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Depression and Type 1 diabetes: case studies

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Here are two case studies to further understand how depression and type 1 diabetes can be intertwined and can affect teens.

In my last blog, I quoted from the Diabetes Care Journal- June 2006/vol. 29 pg 1389 that the level of depressive symptoms in children and adolescents with type 1 diabetes is nearly double that of the highest estimate of depression in youth in general.

Due to the rise of depression and suicides in the teen and young adult population, I thought I would describe two case studies that may illustrate what young people experience and feel, and their frustrations in life as they manage their lives and their type 1 diabetes.

The first case is about a girl who was diagnosed with type 1 diabetes at an early age. Her parents assisted her with her management until, at age 9, she told them that she could do it on her own. She did this until she was 14 or 15 years of age. At this time she was given a new insulin regimen, which confused her and ended up causing her to have extreme hypoglycemia (low blood sugar levels) and hyperglycemia (high blood sugar levels). She could not figure this out. She could not understand why she could not work out the carb ratio and insulin intake. She was an A student, so why could she not figure out this new regimen? She found the situation very frustrating.

With these extreme hypo and hyper glucose levels, the teen had difficulty concentrating in school and became angry about her diabetes. She could not figure her diabetes management out. She asked for the old regimen to be implemented, but this was not supported by her diabetes endocrinologist. She became angry, frustrated, and anxious. She could not sleep and became depressed. She started to sleep longer during the day, not wanting to eat and she did not want to take her insulin. She started to ask herself questions: Why me? Why do I have to have diabetes? Why can’t I be like everyone else…normal? She ended up in hospital with Diabetic ketoacidosis (DKA).

While in hospital, the teen worked with the hospital healthcare team and figured out how to manage her diabetes. At home she continued this management and started to see a counsellor on living with diabetes and how to manage life struggles. She is doing very well today.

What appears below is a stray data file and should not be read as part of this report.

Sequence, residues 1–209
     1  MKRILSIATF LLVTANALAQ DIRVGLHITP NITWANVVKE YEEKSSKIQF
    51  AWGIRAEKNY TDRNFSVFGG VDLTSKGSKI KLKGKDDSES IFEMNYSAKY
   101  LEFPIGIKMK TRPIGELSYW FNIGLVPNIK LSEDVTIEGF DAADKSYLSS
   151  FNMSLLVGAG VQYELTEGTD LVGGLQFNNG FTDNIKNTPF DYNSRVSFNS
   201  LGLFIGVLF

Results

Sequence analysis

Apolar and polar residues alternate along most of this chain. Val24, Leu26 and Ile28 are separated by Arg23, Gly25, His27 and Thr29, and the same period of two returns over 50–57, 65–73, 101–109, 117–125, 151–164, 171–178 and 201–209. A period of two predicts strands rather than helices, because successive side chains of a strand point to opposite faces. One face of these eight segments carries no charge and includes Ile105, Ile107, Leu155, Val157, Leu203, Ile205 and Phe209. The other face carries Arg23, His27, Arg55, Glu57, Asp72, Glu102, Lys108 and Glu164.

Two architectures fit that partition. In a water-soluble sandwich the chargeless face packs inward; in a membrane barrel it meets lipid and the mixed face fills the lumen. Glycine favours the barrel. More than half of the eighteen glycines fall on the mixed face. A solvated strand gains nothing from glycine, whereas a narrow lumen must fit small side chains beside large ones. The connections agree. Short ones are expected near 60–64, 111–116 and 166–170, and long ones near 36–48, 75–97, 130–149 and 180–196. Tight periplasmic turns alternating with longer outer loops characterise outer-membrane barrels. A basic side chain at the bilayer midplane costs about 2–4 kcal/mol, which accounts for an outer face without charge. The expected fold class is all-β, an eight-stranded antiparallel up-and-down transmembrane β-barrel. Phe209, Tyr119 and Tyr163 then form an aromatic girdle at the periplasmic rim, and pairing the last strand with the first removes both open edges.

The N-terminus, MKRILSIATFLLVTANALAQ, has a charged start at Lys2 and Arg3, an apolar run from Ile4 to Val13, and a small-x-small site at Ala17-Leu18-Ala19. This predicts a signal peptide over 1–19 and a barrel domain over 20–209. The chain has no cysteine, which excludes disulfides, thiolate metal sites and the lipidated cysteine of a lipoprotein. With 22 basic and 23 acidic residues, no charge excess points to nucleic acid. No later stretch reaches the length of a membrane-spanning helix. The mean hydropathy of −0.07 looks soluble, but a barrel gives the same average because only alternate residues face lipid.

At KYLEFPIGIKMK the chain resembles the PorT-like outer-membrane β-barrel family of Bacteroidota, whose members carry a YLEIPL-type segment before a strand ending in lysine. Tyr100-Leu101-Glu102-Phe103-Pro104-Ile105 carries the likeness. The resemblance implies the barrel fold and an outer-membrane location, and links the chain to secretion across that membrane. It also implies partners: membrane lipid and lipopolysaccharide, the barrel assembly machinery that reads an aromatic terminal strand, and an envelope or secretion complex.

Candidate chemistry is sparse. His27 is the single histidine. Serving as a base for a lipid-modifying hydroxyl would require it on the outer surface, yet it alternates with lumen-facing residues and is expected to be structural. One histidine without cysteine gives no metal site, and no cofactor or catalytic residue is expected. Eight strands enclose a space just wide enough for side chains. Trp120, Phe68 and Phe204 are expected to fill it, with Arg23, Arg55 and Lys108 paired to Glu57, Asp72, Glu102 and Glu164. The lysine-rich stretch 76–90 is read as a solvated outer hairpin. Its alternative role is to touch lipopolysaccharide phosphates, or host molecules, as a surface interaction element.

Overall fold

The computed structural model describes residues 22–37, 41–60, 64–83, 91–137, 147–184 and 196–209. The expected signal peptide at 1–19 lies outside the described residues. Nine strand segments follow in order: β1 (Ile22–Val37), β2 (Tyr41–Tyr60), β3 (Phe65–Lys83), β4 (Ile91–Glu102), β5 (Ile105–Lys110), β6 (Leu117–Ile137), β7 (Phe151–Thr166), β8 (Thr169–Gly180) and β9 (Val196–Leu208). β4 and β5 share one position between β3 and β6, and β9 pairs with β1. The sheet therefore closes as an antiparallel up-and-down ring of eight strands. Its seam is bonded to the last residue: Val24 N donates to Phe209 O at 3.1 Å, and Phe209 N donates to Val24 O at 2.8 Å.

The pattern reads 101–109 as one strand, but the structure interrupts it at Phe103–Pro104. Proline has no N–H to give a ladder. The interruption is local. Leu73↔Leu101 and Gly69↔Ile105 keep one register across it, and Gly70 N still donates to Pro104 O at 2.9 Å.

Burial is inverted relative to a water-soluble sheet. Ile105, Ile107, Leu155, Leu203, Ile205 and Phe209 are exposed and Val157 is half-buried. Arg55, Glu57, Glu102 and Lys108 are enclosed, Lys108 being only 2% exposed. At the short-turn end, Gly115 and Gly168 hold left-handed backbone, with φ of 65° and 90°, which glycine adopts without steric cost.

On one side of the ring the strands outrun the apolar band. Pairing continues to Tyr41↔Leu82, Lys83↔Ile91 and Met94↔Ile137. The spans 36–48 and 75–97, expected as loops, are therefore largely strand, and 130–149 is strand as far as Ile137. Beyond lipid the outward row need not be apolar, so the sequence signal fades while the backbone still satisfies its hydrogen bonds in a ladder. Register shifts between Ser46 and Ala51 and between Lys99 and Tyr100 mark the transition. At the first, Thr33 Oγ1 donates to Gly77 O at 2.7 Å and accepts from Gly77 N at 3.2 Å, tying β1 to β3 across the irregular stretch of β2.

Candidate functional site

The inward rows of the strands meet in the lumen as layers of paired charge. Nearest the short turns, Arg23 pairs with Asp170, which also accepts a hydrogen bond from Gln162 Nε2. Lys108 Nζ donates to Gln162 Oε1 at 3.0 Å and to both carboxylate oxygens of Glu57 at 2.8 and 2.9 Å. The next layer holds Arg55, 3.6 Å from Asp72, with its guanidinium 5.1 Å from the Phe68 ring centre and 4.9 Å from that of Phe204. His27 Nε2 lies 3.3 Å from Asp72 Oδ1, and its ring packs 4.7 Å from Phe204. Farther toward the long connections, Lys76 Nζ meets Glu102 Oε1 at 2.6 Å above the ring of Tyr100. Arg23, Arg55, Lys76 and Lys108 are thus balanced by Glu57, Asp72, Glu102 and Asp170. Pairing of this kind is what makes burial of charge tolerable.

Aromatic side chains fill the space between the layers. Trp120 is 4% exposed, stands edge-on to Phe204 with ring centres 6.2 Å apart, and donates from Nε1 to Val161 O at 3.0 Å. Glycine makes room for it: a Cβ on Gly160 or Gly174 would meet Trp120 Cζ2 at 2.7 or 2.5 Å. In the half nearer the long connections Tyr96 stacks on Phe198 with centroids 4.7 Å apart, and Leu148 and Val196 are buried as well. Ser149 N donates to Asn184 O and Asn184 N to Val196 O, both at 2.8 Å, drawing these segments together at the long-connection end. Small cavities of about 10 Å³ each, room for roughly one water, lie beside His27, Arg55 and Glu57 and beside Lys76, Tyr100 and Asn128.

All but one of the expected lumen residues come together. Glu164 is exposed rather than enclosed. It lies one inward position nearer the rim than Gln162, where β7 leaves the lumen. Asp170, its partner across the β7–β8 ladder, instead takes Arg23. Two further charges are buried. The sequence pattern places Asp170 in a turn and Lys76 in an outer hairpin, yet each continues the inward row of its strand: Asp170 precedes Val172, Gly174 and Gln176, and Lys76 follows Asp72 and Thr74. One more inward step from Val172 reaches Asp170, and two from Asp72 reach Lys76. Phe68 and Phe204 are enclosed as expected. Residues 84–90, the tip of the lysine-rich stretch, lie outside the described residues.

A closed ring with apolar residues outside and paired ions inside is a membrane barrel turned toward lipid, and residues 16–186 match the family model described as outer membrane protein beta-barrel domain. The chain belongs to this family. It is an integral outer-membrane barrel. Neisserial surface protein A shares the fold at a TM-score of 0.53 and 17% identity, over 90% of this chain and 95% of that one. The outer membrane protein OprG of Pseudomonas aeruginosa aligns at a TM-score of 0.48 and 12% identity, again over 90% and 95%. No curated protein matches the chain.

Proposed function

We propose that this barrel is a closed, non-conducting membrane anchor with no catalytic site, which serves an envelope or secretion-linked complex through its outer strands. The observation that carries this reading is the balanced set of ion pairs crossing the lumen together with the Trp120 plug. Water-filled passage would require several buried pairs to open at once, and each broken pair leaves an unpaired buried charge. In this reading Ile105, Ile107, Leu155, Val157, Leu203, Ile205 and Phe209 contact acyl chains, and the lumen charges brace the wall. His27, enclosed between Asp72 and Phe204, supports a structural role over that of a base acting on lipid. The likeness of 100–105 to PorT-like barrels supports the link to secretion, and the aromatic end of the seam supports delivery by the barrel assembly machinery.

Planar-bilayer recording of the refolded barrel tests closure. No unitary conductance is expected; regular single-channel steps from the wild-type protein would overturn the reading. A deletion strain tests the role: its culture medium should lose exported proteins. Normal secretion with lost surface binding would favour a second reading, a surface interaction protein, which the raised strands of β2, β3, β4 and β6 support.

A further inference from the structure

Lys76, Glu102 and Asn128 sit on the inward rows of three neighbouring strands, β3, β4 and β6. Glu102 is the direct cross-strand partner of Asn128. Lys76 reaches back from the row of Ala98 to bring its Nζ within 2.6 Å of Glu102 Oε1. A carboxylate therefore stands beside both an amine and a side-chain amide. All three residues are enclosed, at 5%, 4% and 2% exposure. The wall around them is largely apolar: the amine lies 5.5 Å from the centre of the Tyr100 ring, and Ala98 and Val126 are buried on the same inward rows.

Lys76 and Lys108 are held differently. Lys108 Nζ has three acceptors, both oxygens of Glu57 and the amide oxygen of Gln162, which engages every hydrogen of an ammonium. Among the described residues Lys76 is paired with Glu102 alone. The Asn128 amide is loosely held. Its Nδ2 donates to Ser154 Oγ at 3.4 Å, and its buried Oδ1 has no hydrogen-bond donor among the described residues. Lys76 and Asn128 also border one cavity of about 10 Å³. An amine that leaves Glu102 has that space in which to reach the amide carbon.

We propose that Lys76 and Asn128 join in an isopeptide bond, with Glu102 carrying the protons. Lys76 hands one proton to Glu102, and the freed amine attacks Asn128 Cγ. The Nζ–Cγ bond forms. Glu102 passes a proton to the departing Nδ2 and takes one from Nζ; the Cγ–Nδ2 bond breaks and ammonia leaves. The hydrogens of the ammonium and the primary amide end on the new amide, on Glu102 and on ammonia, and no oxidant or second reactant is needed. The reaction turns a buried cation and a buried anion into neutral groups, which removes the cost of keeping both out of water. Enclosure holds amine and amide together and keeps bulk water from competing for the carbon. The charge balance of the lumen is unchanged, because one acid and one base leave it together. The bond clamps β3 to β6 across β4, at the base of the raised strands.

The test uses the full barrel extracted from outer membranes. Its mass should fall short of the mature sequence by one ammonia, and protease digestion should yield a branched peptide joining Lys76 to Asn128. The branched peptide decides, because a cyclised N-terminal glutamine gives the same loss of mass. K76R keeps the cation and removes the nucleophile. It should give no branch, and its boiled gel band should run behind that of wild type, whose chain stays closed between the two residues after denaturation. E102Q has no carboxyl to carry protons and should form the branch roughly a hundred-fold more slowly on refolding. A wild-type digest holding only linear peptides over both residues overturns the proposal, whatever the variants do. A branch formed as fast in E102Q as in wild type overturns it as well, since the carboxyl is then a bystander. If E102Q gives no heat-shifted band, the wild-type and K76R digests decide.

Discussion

My last case is about a young man, age 16. He was diagnosed at 7 years of age with type 1 diabetes. His management during elementary and junior high school was very well monitored, which he was very pleased about. He praised himself on his strict management and therefore good glucose level readings. When he reached 16 years of age, he could not regulate his glucose levels very well. His levels would fluctuate, which frightened him. He had heard stories about people he knew with type 1 diabetes experiencing DKA (diabetic ketoacidosis) - see Ketones...what are they and what do they mean?, lows, and not having control over their lives. He became very anxious. He did not sleep at night, worrying about not waking up in the morning. He constantly tested his glucose levels and made readjustments. He became so tired, that he just wanted to sleep, but could not. He relayed this information to his endocrinology team and started to see the social worker. With this assistance, support and counselling, he has learned to be mindful of his body’s reactions to lows and highs, and has put his fears into perspective and is able to cope with them way better. He is happier and enjoying life more.

These cases illustrate the frustrations that can arise as individuals manage their diabetes. These are only two case examples; there are definitely other cases that may be worse.  As I stated in my last blog, if someone you know is experiencing problems with their diabetes management and is exhibiting depressive signs, please consult the endo team, family doctor or go to your nearest hospital emergency department for help.

 

About Cheryl Harris-Taylor

Cheryl Harris-Taylor BSW, MSW, RSW is a social worker at Tridec at Women’s College Hospital. During her time in this position, she has become very involved in the psychosocial and behavioral issues of diabetes, helping a diverse population cope and adjust their lifestyle to be able to manage their diabetes. Ms. Harris-Taylor received her Masters of Clinical Social Work degree from the University of Calgary. After graduating, she worked in Calgary in Child Welfare and then moved to the Netherlands where she established her own private practice. Five years ago, she and her family moved to Toronto where she started work in hospital settings, first in psychiatry, then in the prenatal department, and later working with seniors, advocating for better services. Ms. Harris-Taylor enjoys challenges and stimulation in her life. One specific accomplishment was climbing Mt. Kilimanjaro in 2009.

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